Tiling to concrete / screed floors incorporating underfloor heating systems
A reinforced cement: sand screed generally 65mm to 75mm thick incorporating hot water pipes.
Minimum drying times for new concrete/ sand: cement screeds before installation of heating/ tiles are:
Concrete = minimum 6 weeks
Sand: cement screed = minimum 3 weeks
Once dried the heating should be switched on and the temperature raised at a rate of 5oC per day to operating temperature. The operating temperature should then be maintained for 2-3 days before cooling down to room temperature, i.e. above 15oC and below 20oC. This is to ensure any movement in the screed has taken place prior to the the tiles being fixed. On completion of tiling, the heating should be allowed to cool completely and should not be switched on for a minimum of 14 days to allow the adhesive & grout to fully cure. After this time, the heating should be switched on at a rate of 5oC per day to operating temperature.
N.B. It is essential to ensure that the tiles selected are suitable for use on heated floors.
Remove all traces of dust/ dirt/ laitance and prime with Norcros Prime Bond diluted 1: 4 with water. To protect the tiles from thermal movement stresses, Norcros Permalayer anti-fracture membrane may be laid in a 2mm bed of Norcros Rapid Porcelain Grey adhesive. Allow to dry.
Guidance on the design of underfloor heating is set out in BS EN 1264 Water based surface embedded heating and cooling systems. The maximum surfaces temperatures for ceramic/porcelain tiles laid onto heated concrete/screeds are:
|AREA||MAXIMUM FLOOR SURFACE TEMPERATURE oC||DESIGN ROOM TEMPERATURE |
|HEAT EMISSION W/m2|
|Bathroom or similar||33||24||100|
The general rule is to work from the centre outwards. Measure the width and length of the floor and draw a cross in the centre. From the central cross lay out the dry tiles allowing a minimum 3mm wide gap between the tiles to allow for movement stresses within the floor during service. These gaps will be filled with grout once the tiles have been fixed and the adhesive dried. Make sure there are no awkward cuts, some adjustment may be necessary. Always be aware of how the floor will look when you enter the room.
To counteract movement stresses, which can result in tiles cracking and/or debonding, in accordance with British Standard BS5385-3:2014, movement joints should be provided:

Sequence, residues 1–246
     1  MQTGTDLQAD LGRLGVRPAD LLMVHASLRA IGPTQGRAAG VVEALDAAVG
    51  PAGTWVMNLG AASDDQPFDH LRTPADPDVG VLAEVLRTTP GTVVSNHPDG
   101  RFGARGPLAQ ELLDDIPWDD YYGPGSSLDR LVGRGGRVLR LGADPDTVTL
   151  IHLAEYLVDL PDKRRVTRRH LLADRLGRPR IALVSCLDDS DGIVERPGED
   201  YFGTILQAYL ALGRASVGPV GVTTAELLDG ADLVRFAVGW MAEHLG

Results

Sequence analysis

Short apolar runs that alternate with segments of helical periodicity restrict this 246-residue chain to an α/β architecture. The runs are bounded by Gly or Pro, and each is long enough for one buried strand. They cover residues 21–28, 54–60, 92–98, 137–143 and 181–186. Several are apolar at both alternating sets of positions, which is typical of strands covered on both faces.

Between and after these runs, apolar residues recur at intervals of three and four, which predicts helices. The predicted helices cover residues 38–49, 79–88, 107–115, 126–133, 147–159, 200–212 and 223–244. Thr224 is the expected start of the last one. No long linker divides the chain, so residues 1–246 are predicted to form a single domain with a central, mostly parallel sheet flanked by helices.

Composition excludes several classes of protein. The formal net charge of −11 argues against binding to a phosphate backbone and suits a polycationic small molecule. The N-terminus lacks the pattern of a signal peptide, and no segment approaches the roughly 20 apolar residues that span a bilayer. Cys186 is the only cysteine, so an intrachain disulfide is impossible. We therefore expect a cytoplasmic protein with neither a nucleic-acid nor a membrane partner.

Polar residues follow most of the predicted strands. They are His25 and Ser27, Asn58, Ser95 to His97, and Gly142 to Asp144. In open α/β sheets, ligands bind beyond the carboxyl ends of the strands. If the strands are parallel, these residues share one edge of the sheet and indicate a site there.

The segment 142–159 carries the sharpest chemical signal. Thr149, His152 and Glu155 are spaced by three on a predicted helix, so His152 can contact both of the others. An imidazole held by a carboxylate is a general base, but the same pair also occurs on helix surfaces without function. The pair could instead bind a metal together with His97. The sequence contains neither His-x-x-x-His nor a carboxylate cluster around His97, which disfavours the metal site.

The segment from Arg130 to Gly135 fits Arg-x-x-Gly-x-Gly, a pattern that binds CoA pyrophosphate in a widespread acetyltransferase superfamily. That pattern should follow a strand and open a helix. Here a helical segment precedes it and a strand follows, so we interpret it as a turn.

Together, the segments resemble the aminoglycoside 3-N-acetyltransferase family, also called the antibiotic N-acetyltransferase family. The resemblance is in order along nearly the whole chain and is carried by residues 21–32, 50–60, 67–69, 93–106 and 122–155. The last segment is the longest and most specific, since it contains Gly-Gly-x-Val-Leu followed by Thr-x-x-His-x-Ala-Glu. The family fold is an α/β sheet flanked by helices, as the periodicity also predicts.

a. Over existing and/or structural movement joints
b. Perimeter movement joints should be inserted at door thresholds and where the tiling abuts restraining surfaces such as perimeter walls, columns, curbs, steps and plant fixed to the base
c. Internal floors, which might be subjected to significant thermal changes, i.e. direct sunlight in atria, or underfloor heating etc., the floor area should be divided up by intermediate movement joints provided at 5m intervals in both horizontal directions to provide 25m2 bays. N.B. These bay sizes may be increased to 40m2 with a maximum bay length of 8m when Norcros Permalayer anti-fracture matting is used.
Floor tiles, especially natural stone and porcelain can be difficult to cut and good quality tools are required. These can bought or in some instances hired. A slide cutter and nippers are essential, however an electric wet cutter will make the job easier. For intricate cuts a cardboard template will help to achieve more accurate results.
Fix tiles in a highly polymer modified adhesive such as Norcros Rapid Porcelain Tile Adhesive Grey, Norcros Rapid Porcelain & Stone Adhesive White, Norcros Rapid Porcelain S1 adhesives, or Norcros Thick Bed Stone & Porcelain Grey/White or Norcros Rapid Porcelain S1 adhesive for large format tiles.
N.B. Before grouting commences trial a small inconspicuous area to check that the grout does not stain the tiles. If there is a risk of any staining, the tiles should be fully sealed using a proprietary sealer before grouting begins.
Using a suitable notched floor trowel held at a 45o angle, spread the adhesive onto the floor to form parallel ribs into which the tiles should be pushed with a firm twisting action, this will collapse the ribs of adhesive and produce a 3-4mm solid bed of adhesive beneath the tiles. Work in small areas and discard any adhesive that begins to dry or ‘skin over’. Tiles with deeply keyed back profiles may need to back buttered. Every so often lift a tile to check that it is in full contact with the adhesive and that no voids are left in the adhesive bed. Wipe off any adhesive residues from the surface of the tiles using a damp sponge before the adhesive sets. Remove deposits of adhesive which may build up in the gaps between the tiles.
DO NOT WALK ON THE TILES FOR AT LEAST 2-3 HOURS, or until the adhesive has set.
Allow the adhesive to dry.
Use either Norcros Flexible Wide Joint Floor & Wall Tile Grout or Norcros 4 into 1 Grout. Clean out any dust, dirt and adhesive from between the tiles and make sure that the joints are dry.
Approximately 4-5 parts grout powder should be added to 1 part water, ensuring that the powder is added to the liquid to prevent the product from flash setting. Manually mix the grout to reduce the amount of air incorporated into the mix.
Holding a soft rubber grout float at 45o, sweep the mixed grout diagonally across the tiles, ensuring that the grout is pushed fully into the joints. Clean off as much grout from the surface of the tiles as possible and allow the grout to become touch dry. Clean off the grout residues with a damp sponge wiped diagonally across the tiles. Allow the tiles to dry and buff the surface with a dry cloth. Any stubborn residues may be cleaned off with washing up detergent mixed with warm water within 24 hours of grouting.